Essay on Parse’s Theory Application

Parse’s theory has become an important part of nursing discipline and nursing practice. This theory forms a growing and important body of practical knowledge. According to Parse, nursing science has developed and continues to develop within two almost contradictory paradigms. These are the totality and simultaneity paradigms. Parse’s Theory sees nursing practice as an integral process which joins personal values and beliefs of nurses, health issues, a person and environment.

Help with Essay on Parse’s Theory Application
Help with Essay on Parse’s Theory Application

According to Parse, the totality paradigm sees the person as an organism whose nature is a composite of bio-psycho-social and spiritual dimensions. The environment is the internal and external stimuli surrounding the person. The person has to manipulate and interact with the environment in order to achieve goals and to maintain health, which is viewed as a dynamic state of bio-psycho-social-spiritual integrity and balance. The goals of nursing focus on health promotion, care and cure of the sick and the prevention of illness, while those receiving nursing care are people who are viewed as ill by society (Bunting, 1992). The totality paradigm has been, and on the authority of Parse continues to be, the predominant paradigm in nursing. Health is viewed as a “process of becoming” and as a set of value priorities. Health is experienced by the individual and therefore can only be described by that individual. There is no optimum health: health is how one experiences personal living (Parse, 1995).

The event under analysis took place in health care center for people with Alzheimer disease. This center specializes in medical treatment and nursing care for such patients. The main participants are a patient, a 70 year old man, his son (the family) and a nurse. In terms of Parse’s theory, within the simultaneity paradigm the patient is viewed as a unitary being who is in continuous mutual and simultaneous interaction with the environment. In this case his son (family) and a patient are viewed as different from, and more than, the sum of their parts. They give meaning to situations and, as “open beings”, are responsible for choices in moving beyond what exists at present (Parse, 1981). The role of the nurse is to illuminate meaning and focuses on the movement of the person and family “beyond the moment relative to changing health patterns. The disease has a great impact on family members and the role of a nurse is to teach them how to behavior and support an ill-member. Also, there are no care plans constructed around health problems for every patient. The prime decision maker and authority figure is the patient, not the nurse.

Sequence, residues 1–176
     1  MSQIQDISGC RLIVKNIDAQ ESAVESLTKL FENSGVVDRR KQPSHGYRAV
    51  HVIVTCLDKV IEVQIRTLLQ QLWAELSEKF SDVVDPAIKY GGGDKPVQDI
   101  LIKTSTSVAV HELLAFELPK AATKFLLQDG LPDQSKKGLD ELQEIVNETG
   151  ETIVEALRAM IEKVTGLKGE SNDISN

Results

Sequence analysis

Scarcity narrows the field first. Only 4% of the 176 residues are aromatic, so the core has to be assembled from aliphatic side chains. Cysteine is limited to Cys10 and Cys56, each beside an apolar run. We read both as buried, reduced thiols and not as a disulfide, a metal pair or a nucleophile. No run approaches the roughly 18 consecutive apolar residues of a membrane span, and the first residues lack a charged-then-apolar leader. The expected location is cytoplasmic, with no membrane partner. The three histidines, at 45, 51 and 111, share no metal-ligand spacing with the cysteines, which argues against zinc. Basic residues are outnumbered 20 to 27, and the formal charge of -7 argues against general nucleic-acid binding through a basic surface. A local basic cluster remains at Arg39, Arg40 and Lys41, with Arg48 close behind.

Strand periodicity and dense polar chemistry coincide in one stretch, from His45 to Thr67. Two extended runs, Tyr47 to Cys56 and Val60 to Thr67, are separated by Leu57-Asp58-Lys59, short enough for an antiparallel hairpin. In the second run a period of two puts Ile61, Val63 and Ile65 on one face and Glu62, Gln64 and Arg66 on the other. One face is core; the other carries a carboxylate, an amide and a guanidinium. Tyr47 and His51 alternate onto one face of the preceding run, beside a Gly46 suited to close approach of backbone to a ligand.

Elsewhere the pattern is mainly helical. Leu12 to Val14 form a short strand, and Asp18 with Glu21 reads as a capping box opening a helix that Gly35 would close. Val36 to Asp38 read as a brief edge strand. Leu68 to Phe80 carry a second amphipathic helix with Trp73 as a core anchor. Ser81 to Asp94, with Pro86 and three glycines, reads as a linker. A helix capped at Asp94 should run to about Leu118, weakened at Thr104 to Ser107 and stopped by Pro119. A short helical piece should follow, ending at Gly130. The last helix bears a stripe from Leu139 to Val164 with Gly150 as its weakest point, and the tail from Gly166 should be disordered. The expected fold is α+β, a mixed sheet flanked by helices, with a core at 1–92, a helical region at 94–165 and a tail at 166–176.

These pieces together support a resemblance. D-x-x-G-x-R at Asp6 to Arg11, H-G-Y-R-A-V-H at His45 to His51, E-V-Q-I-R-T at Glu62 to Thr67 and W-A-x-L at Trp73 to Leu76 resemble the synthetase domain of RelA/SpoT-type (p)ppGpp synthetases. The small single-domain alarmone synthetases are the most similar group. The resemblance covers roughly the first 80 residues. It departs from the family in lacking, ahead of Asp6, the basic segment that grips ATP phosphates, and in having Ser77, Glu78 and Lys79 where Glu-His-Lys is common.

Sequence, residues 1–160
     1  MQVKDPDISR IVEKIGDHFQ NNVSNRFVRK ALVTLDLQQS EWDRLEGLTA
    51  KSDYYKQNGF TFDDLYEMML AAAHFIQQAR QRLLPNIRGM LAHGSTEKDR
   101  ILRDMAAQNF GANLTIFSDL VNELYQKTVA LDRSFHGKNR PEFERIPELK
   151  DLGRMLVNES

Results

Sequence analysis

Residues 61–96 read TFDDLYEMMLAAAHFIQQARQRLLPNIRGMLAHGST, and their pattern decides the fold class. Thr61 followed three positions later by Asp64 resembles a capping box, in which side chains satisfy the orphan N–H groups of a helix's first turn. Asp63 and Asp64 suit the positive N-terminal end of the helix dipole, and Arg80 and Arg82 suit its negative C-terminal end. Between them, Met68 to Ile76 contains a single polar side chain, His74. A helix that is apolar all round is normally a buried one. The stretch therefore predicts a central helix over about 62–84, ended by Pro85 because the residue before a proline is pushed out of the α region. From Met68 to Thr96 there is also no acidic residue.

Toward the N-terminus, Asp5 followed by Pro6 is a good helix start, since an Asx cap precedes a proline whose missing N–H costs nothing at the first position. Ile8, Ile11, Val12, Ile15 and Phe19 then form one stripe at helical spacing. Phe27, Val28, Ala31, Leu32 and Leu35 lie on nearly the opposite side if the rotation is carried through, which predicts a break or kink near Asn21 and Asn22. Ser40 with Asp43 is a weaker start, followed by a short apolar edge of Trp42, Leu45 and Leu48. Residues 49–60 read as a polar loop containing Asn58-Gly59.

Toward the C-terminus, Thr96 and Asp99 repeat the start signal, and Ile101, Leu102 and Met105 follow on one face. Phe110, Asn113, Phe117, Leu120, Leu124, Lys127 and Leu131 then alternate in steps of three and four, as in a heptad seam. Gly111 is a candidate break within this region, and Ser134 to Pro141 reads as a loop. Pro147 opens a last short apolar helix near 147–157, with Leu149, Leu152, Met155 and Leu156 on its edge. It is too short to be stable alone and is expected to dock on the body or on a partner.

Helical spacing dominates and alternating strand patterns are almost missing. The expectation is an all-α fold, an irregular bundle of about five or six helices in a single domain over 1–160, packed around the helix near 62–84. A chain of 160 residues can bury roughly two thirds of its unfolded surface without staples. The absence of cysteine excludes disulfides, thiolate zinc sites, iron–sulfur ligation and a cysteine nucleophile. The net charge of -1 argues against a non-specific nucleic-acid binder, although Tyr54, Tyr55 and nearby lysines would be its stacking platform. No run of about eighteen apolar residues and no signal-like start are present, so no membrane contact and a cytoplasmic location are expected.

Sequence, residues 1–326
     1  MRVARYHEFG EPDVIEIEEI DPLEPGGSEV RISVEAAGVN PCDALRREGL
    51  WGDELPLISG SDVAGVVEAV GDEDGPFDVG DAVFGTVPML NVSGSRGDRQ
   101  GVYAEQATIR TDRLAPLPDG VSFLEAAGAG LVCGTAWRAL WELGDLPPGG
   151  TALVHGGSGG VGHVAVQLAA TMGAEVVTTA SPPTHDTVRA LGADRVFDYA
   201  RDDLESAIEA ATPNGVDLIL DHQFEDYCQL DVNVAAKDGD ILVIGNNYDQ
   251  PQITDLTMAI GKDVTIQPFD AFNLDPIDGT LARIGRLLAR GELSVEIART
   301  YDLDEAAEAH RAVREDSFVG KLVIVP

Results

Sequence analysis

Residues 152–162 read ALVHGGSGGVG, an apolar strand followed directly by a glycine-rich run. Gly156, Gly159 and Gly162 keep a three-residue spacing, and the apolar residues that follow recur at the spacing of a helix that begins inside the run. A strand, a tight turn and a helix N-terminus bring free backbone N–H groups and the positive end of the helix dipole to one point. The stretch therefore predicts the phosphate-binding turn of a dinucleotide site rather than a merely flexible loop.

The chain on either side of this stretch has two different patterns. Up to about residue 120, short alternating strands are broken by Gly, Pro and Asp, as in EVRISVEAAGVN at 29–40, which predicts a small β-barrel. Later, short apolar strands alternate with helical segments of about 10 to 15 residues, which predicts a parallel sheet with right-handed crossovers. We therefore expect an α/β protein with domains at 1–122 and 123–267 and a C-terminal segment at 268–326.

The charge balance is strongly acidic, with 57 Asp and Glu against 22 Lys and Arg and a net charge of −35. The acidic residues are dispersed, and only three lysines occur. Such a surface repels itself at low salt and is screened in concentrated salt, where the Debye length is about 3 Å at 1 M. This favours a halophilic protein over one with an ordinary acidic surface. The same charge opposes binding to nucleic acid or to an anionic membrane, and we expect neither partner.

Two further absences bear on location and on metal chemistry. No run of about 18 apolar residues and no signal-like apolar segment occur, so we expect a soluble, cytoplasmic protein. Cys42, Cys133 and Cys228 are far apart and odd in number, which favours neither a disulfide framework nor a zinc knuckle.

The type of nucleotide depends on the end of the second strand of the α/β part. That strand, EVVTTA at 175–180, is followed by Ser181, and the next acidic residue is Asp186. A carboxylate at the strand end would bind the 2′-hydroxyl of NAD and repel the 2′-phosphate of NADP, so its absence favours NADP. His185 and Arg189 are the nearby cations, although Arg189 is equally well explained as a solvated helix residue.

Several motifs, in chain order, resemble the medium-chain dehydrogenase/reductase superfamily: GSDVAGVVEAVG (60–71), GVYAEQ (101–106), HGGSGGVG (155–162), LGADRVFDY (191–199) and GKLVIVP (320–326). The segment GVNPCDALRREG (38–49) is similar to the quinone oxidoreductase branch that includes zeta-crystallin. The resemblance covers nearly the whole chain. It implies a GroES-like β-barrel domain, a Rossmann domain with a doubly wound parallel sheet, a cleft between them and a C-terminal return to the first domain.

In this administrative situation, the patient (and his family) determines the activities for changing health patterns; the nurse in true presence with the person guides the way. His son chooses home nursing practice as the most effective way for further treatment and medical support. Following Parse, humans are a synergistic open being co-extensive with the universe and free to choose in situations. A special values of the nurse included specialized treatment procedures and schedule, humanity and high level of responsibility. A nursing practice is an art focusing on the patient as a living unit. His health and treatment is a process of becoming, as experienced by the patient. Environment is co-constituted becoming in mutual simultaneous energy exchange with the person. As the most important, this administrative situation sees the patient as a part of the family taking into account environment and its influence on the patient.